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Easy Go is a compilation of straight ahead charts recorded by the Kenton band in the years 1950-52 between tours of the Innovations Orchestra. While an artistic triumph, the Innovations Orchestra was not so successful financially, and Kenton had to record a number of albums devoted to just dance and swing tunes to recuperate his losses. Nevertheless, these recordings feature the Kenton band at its most swinging and most relaxed. And all the critics who have said that Kenton never swung need only listen to this CD to hear how wrong they've been over the years.
What a collection of sidemen and arrangers. Stan Kenton, Pete Rugolo, Shorty Rogers, Gene Roland, Johnny Richards and Bill Russo all contributed charts. As an example of the range of jazz greats on this album, the trumpet section included Ray Wetzel, Buddy Childers, both Candoli brothers, Shorty Rogers, Al Porcino, and a young kid from Montreal named Maynard Ferguson.
Most of the tunes included on Easy Go are long familiar to Kenton fans. Of all the great arrangers whose works appear on this CD, Shorty Roger's original tune "Viva Prado" and his rendition of the standard "What's New" stand out among the crowd. Another chart of special interest is William Russo's "Bill's Blues," one of the most swinging compositions ever penned by the most cerebral of the Kenton stable of composer/arrangers.
Easy Go is a must for all Kenton fans and a good starting point for those who are new to the Creative World of Stan Kenton.
Track Listing: Easy Go; Love for Sale; Viva Prado; Something New (Sunset Tower);
Theme for Alto; Riff Rhapsody; Dynaflow; What's New?; Jump for Joe;
Night Watch; Francesca; Soliloquy; Lazy Daisy; Mambo Rhapsody; Riff
Raff; Stardust; Bags and Baggage; Bill's Blues; Cool Eyes; Beehive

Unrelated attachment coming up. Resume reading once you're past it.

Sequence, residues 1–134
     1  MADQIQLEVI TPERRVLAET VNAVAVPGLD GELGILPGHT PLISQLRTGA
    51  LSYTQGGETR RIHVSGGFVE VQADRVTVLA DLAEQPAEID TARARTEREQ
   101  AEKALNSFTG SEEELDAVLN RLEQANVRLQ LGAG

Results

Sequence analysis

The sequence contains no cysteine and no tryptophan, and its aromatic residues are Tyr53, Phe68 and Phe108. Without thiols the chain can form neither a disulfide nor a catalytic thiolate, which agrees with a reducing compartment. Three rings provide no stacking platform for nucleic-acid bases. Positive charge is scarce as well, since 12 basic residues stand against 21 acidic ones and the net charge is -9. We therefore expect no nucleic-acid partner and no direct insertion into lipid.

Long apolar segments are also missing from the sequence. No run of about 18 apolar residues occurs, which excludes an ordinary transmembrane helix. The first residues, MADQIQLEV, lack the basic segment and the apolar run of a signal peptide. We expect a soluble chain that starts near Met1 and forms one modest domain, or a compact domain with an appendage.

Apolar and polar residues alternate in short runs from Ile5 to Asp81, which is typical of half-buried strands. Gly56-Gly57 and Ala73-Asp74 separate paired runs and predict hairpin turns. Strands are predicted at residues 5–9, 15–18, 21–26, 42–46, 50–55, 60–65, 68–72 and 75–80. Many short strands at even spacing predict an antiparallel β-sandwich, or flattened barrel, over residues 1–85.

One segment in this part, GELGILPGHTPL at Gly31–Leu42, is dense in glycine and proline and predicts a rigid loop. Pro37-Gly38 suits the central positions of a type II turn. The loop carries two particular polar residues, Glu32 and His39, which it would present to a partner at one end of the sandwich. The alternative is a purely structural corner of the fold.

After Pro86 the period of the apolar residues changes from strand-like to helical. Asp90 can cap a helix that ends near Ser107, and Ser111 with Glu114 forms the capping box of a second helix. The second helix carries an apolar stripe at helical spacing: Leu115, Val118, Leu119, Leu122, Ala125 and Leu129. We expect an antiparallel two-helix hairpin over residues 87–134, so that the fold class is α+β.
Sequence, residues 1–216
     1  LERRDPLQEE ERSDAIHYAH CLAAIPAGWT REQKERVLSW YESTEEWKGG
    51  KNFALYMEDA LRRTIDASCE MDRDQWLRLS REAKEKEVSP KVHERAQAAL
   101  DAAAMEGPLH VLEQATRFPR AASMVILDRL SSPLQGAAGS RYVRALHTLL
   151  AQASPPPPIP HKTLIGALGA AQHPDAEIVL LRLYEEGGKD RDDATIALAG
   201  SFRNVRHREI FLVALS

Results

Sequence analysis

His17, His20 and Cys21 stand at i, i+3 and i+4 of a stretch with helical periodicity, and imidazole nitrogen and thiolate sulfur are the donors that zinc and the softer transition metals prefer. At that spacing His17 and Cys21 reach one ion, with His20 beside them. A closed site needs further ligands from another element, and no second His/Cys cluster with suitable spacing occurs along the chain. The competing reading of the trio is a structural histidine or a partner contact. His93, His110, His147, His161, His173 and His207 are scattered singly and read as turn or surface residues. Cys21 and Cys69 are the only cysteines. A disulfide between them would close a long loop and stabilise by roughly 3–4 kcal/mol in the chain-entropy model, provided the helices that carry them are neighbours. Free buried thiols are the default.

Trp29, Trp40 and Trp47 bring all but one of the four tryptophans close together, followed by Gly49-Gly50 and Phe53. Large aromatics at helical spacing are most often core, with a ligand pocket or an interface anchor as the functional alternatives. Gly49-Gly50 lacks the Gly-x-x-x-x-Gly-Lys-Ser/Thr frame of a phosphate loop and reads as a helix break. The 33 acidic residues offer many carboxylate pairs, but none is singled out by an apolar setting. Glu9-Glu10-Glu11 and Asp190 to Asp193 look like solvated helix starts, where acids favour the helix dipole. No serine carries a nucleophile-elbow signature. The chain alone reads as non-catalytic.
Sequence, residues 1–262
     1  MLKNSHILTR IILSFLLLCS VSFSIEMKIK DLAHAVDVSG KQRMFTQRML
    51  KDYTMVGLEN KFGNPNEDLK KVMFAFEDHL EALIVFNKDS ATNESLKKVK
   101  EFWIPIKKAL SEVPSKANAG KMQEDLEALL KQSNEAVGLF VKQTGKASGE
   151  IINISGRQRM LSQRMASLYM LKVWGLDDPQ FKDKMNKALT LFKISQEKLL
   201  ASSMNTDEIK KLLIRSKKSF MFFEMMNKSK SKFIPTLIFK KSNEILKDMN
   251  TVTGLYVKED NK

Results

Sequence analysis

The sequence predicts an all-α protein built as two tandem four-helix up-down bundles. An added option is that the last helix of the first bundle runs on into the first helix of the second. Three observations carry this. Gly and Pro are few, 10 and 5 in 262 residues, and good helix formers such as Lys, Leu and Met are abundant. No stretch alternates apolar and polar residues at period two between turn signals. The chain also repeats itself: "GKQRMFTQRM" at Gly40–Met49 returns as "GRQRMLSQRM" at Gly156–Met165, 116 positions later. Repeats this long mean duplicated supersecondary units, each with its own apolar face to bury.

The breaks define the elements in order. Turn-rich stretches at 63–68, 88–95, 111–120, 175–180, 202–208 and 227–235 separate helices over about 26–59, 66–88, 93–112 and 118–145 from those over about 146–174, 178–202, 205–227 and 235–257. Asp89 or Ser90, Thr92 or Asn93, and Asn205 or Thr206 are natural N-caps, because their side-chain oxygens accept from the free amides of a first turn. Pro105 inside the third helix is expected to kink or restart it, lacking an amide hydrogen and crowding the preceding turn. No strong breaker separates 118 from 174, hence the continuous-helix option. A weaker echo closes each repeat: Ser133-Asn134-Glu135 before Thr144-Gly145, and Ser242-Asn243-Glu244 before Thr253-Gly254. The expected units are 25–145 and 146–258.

Personnel: Stan Kenton, piano, arranger; Ruban McFall, trumpet; Dick Meldonian,
sax; Clyde Reasinger,trumpet; George Roberts, trombone; Jimmy Salko,
trumpet; Ray Wetzel, trumpet; Ralph Blaze, guitar; Al Porcino, trumpet;
Johnny Halliburton, trombone; Dick Kenney, trombone; Paul Weigand,
trombone; Don Dennis, trumpet; Bart Caldarell, sax; Jack Millman,
trumpet; Mike Pacheco, timbales; Johnny Richards, arranger; Shorty
Rogers, arranger, trumpet; Herbie Steward, sax; Milt Bernhart, trombone;
Harry Betts, trombone; Bob Fitzpatrick, trombone; Bob Gioga, Sax; John
Howell, trumpet; Laurindo Almeida, guitar; Eddie Bert, trombone; Conte
Candoli, trumpet; Frank Capp, drums; Buddy Childers, trumpet; Eddie
Gomez, maraccas; Herbie Harper, trombone; Bill Holman, Sax; Shelly
Manne, drums; Art Pepper, sax; Bud Shank, sax; Don Bagley, bass; Pete
Candoli, trumpet; John Graas, French horn; Lennie Niehaus, Sax; Gene
Roland, arranger; Pete Rugolo, arranger; Bill Russo, arranger, trombone
I love jazz because anything is possible; it has few rules and the best jazz breaks those ones. I prefer free improv because it doesn't really have any rules at all.
I was first exposed to jazz in my teens (in the late sixties).
The first jazz record I bought was Filles de Kilimanjaro by Miles Davis, shortly followed by Extrapolation by John McLaughlin.
My advice to new listeners is to listen as widely as possible and not to make snap judgments--stick with it.